This is where I may have made a false step though. That last statement is very influenced by George C. Williams’ view of group selection. As you can see in Appendix 2, he did not oppose it by principle. He simply said that it was too weak to be practically detectable in natural populations and thus can safely be ignored in favor of individualistic evolution. David Sloane Wilson thinks (and I may be putting words in his mouth here, but that’s the feeling one gets from reading his work) that this is when group selection got doomed. We don’t need group selection anymore, since everything can be explained by Hamiltonian inclusive fitness, kin selection, etc. The history of group selection is a delightful topic (if one is more than slightly masochistic), but I will leave it for another post. The next paragraph will tell you the jist of why the debate is more or less pointless.

If you use a framework of kin selection to examine a problem, and you use multilevel selection to examine that same problem, you will get the exact same results. Once you simplify both theories to their core, you will see that they are the same; multilevel selection is just a rebranding of kin selection, as Hamilton realised in 1975. Hamilton’s Rule also lies at the heart of both; the terms used are just different. And this is what has also led to much confusion, from within the literature to books to public debates. Again, DS Wilson will probably slap me if he reads this, and I’m aware that group selection does have a lot going for it and actually separating it from kin selection (take animal punishment as an example – the ant that kills the worker eggs. Why is the police ant doing it? What’s its motivation?). But I’ve already deviated from the post topic enough!

This post is meant as an introduction into this unwieldy topic. It is a historically very active field and has since its inception been subject to much confusion, mostly caused by faulty use of terminology. This post is by no means a manifesto; I just want to make sure that if you want to get into this topic, that you can orient yourself a bit. The post is also written at a basic level, mostly because there is no clarity beyond there, since the conversation tends to dissolve into semantic bitch fights (or scientific debates, as they are diplomatically called).

Appendix 1

“It must not be forgotten that although a high standard of morality gives but a slight or no advantage to each individual man and his children over the other men in his tribe … an increase in the number of well-endowed men and an advancement in the standard of morality will certainly give an immense advantage to one tribe over another.”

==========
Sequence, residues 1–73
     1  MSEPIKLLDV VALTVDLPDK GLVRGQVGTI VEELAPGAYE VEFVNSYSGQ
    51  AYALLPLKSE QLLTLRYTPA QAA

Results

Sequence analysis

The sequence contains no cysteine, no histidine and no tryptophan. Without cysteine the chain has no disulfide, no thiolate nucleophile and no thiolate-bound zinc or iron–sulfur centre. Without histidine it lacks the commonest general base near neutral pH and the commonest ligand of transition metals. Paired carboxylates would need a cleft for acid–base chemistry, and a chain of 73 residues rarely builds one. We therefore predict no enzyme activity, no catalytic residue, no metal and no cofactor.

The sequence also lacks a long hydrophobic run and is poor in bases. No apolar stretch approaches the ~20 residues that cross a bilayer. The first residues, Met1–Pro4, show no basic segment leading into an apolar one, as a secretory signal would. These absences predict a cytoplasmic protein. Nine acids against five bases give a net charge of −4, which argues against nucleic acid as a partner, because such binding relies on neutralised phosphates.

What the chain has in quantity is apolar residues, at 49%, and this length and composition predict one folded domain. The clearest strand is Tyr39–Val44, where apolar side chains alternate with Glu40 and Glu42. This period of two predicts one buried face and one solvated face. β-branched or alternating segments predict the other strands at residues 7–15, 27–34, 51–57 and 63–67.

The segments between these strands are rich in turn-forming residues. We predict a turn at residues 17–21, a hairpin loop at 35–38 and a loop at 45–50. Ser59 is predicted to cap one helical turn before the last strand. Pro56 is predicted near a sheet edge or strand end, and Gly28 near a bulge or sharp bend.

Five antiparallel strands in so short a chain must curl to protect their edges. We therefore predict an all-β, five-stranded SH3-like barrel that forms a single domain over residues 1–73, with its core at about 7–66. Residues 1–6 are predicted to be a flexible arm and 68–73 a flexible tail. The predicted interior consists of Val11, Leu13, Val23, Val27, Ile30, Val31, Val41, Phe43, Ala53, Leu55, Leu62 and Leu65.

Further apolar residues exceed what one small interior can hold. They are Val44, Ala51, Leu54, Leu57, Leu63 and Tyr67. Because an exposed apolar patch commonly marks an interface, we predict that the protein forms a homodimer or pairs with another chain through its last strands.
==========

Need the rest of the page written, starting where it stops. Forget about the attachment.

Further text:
– Charles Darwin, 1871. In The Descent of Man.

Appendix 2

“It is universally conceded by those who have seriously concerned themselves with this problem … that such group-related adaptations must be attributed to the natural selection of alternative groups of individuals and that the natural selection of alternative alleles within populations will be opposed to this development. i am in entire agreement with the reasoning behind this conclusion. Only by a theory of between-group selection could we achieve a scientific explanation of group-related adaptations. However, I would question one of the premises on which this reasoning is based. Chapters 5 and 8 will be primarily a defence of the thesis that group-related adaptations do not, in fact, exist. A group in this discussion should be understood to mean something other than a family and to be composed of individuals that need not be closely related.”

– George C. Williams, 1966. In Adaptation and Natural Selection.

Appendix 3

“The probability of survival of individual living things, or of populations, increases with the degree with which they harmoniously adjust themselves to each other and to their environment. This principle is basic to the concept of the balance of nature, orders the subject matter of ecology and evolution, underlies organismic and developmental biology, and is the foundation of all sociobiology.”

– Allee et al., 1949. In Principles of Animal Ecology.